A seven year evaluation of KiwiSaver concluded in 2014 . . .The Evaluation has broadly found that the scheme has been successful in attracting significant numbers of members and Inland Revenue’s role in the scheme has functioned well. However, the scheme has delivered very poor value for the Crown’s subsidies. A high degree of leakage to people outside the target group for KiwiSaver and substitution from other savings has occurred. Estimates range from zero to one-third of KiwiSaver balances representing new household savings. . .
The scheme delivers poor value for the public subsidies, most of the subsidies go to people who need it least and it hasn’t led to a significant increase in overall savings.
If Labour really thinks that it is better to subsidise the savings of people more able to help themselves than to spend the money on those in genuine need it really has lost its way.
The Flag Consideration Panel is inviting people to upload designs for a new flag.
There’s more than 1500 in the gallery already.
This is FernZealand by Gerad Taylor:
893 Simeon I of Bulgaria crowned emperor of the first Bulgarian empire.
927 Battle of the Bosnian Highlands: Croatian army, led by King Tomislav, defeated the Bulgarian Army.
927 Simeon the Great, Tsar of Bulgaria, died.
1120 Richard III of Capua was anointed as prince two weeks before his untimely death.
1153 Malcolm IV became King of Scotland.
1328 Philip VI was crowned King of France.
1626 William II, Prince of Orange was born(d. 1650).
1798 The Battle of Oulart Hill took place in Wexford.
1812 Bolivian War of Independence: the Battle of La Coronilla, in which the women from Cochabamba fought against the Spanish army.
1813 War of 1812: In Canada, American forces captured Fort George.
1837 Wild Bill Hickok, American gunfighter, was born (d. 1876).
1849 The Great Hall of Euston station in London was opened.
1860 Giuseppe Garibaldi began his attack on Palermo, Sicily, as part of the Italian Unification.
1863 American Civil War: First Assault on the Confederate works at the Siege of Port Hudson.
1878 Isadora Duncan, American dancer ws born (d. 1927).
1883 Alexander III was crowned Tsar of Russia.
1895 Oscar Wilde was imprisoned for sodomy.
1896 The F4-strength St. Louis-East St. Louis Tornado killed at least 255 people and causing $2.9 billion in damage.
1905 Russo-Japanese War: The Battle of Tsushima began.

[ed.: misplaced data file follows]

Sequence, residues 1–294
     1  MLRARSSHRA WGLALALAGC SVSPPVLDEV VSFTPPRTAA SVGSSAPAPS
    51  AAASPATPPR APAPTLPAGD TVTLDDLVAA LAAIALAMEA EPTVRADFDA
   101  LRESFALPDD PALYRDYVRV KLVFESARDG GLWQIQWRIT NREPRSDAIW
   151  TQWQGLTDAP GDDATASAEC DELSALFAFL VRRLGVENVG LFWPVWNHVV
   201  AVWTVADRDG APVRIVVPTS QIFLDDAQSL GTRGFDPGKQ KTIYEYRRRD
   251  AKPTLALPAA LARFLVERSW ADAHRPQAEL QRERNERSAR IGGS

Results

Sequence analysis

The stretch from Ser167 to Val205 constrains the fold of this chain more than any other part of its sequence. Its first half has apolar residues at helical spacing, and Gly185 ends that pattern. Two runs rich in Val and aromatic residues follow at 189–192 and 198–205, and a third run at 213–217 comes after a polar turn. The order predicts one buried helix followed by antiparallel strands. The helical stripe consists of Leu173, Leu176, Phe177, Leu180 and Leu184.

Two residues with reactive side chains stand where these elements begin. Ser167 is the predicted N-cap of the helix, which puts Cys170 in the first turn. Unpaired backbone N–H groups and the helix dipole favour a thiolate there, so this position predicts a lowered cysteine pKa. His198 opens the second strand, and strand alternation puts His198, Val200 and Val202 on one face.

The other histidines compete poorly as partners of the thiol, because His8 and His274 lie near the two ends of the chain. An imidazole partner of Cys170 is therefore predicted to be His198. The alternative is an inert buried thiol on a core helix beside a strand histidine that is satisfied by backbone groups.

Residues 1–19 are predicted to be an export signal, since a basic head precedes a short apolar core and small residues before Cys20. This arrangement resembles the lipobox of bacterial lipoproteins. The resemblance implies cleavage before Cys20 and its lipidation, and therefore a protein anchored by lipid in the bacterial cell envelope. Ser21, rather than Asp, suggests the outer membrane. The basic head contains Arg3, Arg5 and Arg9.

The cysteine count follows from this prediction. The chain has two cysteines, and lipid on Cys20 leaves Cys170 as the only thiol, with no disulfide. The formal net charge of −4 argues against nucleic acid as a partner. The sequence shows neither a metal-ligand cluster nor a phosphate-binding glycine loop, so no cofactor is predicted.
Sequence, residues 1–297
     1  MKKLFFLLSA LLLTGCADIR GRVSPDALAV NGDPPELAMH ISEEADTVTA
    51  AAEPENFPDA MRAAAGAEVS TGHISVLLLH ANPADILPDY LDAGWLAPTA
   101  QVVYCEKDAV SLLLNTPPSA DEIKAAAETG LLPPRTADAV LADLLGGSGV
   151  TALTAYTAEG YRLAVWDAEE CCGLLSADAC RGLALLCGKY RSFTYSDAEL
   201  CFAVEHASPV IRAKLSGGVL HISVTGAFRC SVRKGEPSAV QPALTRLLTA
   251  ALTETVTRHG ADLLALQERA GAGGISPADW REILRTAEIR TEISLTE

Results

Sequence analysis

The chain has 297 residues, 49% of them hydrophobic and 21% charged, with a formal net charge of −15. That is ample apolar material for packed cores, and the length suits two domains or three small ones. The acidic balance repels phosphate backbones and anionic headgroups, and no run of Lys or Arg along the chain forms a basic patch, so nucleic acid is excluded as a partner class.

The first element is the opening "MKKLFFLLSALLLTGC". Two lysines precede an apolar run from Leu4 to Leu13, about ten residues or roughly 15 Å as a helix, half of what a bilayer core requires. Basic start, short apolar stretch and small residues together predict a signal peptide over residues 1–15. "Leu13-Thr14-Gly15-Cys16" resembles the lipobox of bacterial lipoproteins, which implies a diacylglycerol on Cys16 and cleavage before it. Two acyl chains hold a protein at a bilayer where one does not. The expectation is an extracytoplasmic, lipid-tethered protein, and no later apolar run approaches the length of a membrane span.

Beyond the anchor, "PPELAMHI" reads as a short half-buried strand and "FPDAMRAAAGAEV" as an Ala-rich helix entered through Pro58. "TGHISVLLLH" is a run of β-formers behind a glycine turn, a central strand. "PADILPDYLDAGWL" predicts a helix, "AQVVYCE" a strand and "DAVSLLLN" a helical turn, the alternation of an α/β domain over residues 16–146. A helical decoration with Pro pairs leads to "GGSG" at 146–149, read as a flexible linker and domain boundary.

1907 Bubonic plague broke out in San Francisco, California.
1908 Maulana Hakeem Noor-ud-Din was elected the first Khalifa of Ahmadiyya Muslim Community.
1911 Hubert H. Humphrey, 38th Vice President of the United States, was born (d. 1978).
1912 John Cheever, American author, was born (d. 1982).
1915 Herman Wouk, American writer, was born.
1919 The NC-4 aircraft arrived in Lisbon after completing the first transatlantic flight.
1922 Sir Christopher Lee, English actor, was born.
1923 Henry Kissinger, 56th United States Secretary of State, recipient of the Nobel Peace Prize, was born.
1927 Ford ceased manufacture of the Ford Model T and began to retool plants to make the Ford Model A.
1930 The 1,046 feet (319 m) Chrysler Building in New York City, the tallest man-made structure at the time, opens to the public.
1933 New Deal: The U.S. Federal Securities Act is signed into law requiring the registration of securities with the Federal Trade Commission.
1935 New Deal: The Supreme Court of the United States declared the National Industrial Recovery Act to be unconstitutional in A.L.A. Schechter Poultry Corp. v. United States, (295 U.S. 495).
1937 The Golden Gate Bridge opened to pedestrian traffic, creating a vital link between San Francisco and Marin County, California.
1940 World War II: In the Le Paradis massacre, 99 soldiers from a Royal Norfolk Regiment unit were shot after surrendering to German troops.
1941 World War II: U.S. President Franklin D. Roosevelt proclaimed an “unlimited national emergency”.
1941 – World War II: The German battleship Bismarck was sunk in the North Atlantic killing almost 2,100 men.
1943 Cilla Black, English singer and presenter, was born.
1954 Pauline Hanson, Australian politician, was born.
1957 Toronto’s CHUM-AM, (1050 kHz) became Canada’s first radio station to broadcast only top 40 Rock n’ Roll music format.
1958 Neil Finn, New Zealand singer and songwriter (Split Enz, Crowded House), was born.
1958 The F-4 Phantom II made its first flight.
1960 In Turkey, a military coup removed President Celal Bayar and the rest of the democratic government from office.
1962 The Centralia, Pennsylvania mine fire started.
1965 Vietnam War: American warships began the first bombardment of National Liberation Front targets within South Vietnam.
1967 Australians voted in favour of a constitutional referendum granting the Australian government the power to make laws to benefit Indigenous Australians and to count them in the national census.
1967 The U.S. Navy aircraft carrier USS John F. Kennedy was launched Jacqueline Kennedy and her daughter Caroline.
1968 The meeting of the Union Nationale des Étudiants de France (National Union of the Students of France) took place. 30,000 to 50,000 people gathered in the Stade Sebastien Charlety.
1971 The Dahlerau train disaster, the worst railway accident in West Germany, killed46 people and injured 25.
1975 Jamie Oliver, English chef and television personality, was born.
1975 The Dibble’s Bridge coach crash near Grassington, North Yorkshire killed 32 – the highest ever death toll in a road accident in the United Kingdom.
1980 The Gwangju Massacre: Airborne and army troops of South Korea retook the city of Gwangju from civil militias, killing at least 207.
1987 Artist Colin McCahon died.
1995 Actor Christopher Reeve was paralysed from the neck down after falling from his horse in a riding competition.
1996 First Chechnya War: Russian President Boris Yeltsin met Chechnyan rebels for the first time and negotiated a cease-fire.
1997 The U.S. Supreme Court ruled that Paula Jones could pursue her sexual harassment lawsuit against President Bill Clinton while he was in office.
1999 The International Criminal Tribunal for the former Yugoslavia indicted Slobodan Milošević and four others for war crimes and crimes against humanity committed in Kosovo.
2005 Australian Schapelle Corby was sentenced to 20 years imprisonment in Kerobokan Prison for drug smuggling by a court in Indonesia.
2006 The May 2006 Java earthquake devastated Bantul and the city of Yogyakarta killing more than 6,600 people.
2009 – A suicide bombing killed at least 35 people and injured 250 more in Lahore, Pakistan.
Sourced from NZ History Online & Wikipedia.